Thursday, August 13, 2009

My District 9 Impressions

I am not a professional critic, so it was a minor miracle (via Philadelphia Free Movies) that I got to see an advance screening of District 9 last night. usually when I get invited to an advance screening, it is for something I have absolutely no interest in at best, or I am actively avoiding at worst. On the contrary, I have been pumped for this film since reading about its wonderful reception at Comicon.

In my opinion, District 9 (written and directed by Neill Blomkamp) is the best, most original science fiction film I have seen since Blade Runner. The story, the style, the characters were unlike any film I have ever seen. In the tradition of Battlestar Galactica (the next generation), Dune (the book), and other groundbreaking science fiction, District 9 has a clear social and political message. In this case, the message was directed at Apartheid and the Iraq war. Like other great science fiction, it doesn’t beat the audience over the head with that commentary by taking you away from the core story with pace-stealing exposition. Instead, it was just part of the backdrop, seamlessly interwoven with the story. And what a great story! Despite the politicizing, the story had me riveted to my seat, alternately appalled at the indignities, ineptitude, immorality, and outright criminal behavior of the characters, cheering for intense action sequences, feeling tight with tension at the action sequences, and heartbroken. It was the first film that I have seen in a long time that kept me guessing what would happen next. Wow. My favorite movie of 2009 thus far, and hopefully it will earn one of those 10 best picture Oscar nominations.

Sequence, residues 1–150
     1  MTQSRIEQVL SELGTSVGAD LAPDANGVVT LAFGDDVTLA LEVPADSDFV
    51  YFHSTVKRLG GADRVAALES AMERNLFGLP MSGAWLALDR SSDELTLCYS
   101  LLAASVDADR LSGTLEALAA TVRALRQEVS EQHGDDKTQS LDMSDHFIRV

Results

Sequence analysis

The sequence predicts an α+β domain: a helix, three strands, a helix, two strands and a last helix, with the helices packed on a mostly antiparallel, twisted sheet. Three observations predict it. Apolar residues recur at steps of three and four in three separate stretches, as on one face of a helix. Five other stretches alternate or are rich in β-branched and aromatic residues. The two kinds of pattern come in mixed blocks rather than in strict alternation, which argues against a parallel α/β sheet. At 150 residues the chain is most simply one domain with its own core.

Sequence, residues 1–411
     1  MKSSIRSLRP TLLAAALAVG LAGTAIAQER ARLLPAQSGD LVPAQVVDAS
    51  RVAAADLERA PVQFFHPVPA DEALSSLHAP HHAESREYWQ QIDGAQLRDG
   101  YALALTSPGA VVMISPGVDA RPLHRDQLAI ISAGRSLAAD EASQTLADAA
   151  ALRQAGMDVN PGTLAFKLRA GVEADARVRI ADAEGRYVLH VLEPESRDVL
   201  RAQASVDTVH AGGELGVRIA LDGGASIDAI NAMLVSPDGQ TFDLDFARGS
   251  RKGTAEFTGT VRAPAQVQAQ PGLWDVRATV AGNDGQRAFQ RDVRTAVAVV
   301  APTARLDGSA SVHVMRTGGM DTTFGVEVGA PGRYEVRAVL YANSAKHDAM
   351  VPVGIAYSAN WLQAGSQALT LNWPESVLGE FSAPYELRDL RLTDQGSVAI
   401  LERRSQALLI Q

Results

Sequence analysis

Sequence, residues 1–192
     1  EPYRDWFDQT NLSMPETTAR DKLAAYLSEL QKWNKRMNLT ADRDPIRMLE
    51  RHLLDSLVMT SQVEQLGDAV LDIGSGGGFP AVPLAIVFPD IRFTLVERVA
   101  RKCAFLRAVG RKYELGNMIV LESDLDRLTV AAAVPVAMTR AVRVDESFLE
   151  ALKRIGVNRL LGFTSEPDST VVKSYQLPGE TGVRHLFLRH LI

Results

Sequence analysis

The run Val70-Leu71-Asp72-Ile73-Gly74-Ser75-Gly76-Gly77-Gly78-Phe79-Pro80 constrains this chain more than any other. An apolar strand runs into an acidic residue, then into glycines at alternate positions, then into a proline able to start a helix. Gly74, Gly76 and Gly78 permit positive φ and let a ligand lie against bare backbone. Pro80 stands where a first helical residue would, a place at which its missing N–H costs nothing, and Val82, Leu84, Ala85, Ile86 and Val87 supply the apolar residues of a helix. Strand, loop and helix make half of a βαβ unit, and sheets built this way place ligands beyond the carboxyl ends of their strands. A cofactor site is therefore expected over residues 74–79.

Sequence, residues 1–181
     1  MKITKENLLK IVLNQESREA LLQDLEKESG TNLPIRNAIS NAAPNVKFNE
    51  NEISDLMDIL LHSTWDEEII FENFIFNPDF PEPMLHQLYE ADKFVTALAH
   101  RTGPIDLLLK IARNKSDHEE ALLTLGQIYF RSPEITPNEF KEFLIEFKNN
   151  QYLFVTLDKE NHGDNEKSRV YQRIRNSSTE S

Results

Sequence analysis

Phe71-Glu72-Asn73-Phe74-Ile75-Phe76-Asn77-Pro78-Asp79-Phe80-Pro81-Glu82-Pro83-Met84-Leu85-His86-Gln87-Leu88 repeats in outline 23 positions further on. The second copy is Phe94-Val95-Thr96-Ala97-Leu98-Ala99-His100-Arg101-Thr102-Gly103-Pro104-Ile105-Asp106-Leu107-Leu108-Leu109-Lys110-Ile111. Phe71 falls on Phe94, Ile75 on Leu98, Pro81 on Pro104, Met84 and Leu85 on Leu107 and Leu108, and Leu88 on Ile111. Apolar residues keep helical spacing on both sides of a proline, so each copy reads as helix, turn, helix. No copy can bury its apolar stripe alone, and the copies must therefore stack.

Just because it is the most original science fiction film I have seen in a long time does not mean that it doesn't borrow from other films that came before it, most obviously Independence Day. In fact, the premise of the film is like a bizarro-Independence Day. The alien invasion setup is the same, but the invasion starts in South Africa, not New York or Washington (not a spoiler--this happens in the first three minutes of the film). The protagonist, Wikus Van De Merwe, played wonderfully by Sharlto Copley is not a traditional action hero fighter pilot or inspirational leader. He is much closer to Ricky Gervais’ David Brent from The Office than Will Smith or Bill Pullman. This was probably furthered by the Office-esque documentary style storytelling technique employed by the director. Many of the visuals were clearly borrowed from Independence Day, yes. I enjoyed Independence Day, but District 9 is clearly not a product of the Hollywood summer blockbuster factory that created that film. It is much more human, much more gritty, and as such hits much harder.

Incidentally, audience members for the screening had to undergo a thorough security check by several burly gentlemen, presumably to block pirating. We had to submit to having bags searched, turn in our cell phones, and be scanned with a metal detector. During the screening, the security folks walked up and down the aisles, clearly looking for people who might be engaging in pirating activities. It was a bit surreal, and strangely paralleled some of the themes in the film.

UPDATE: I went to District 9 with my friend Noz. He wrote a pretty good, though not quite as glowing analysis of the film on his blog, with more insights on what films influenced it. Definitely worth a read.

1 comment:

Taagii said...

please tell the author about making 2nd part of movie because its very sadly ending please tell aboit this

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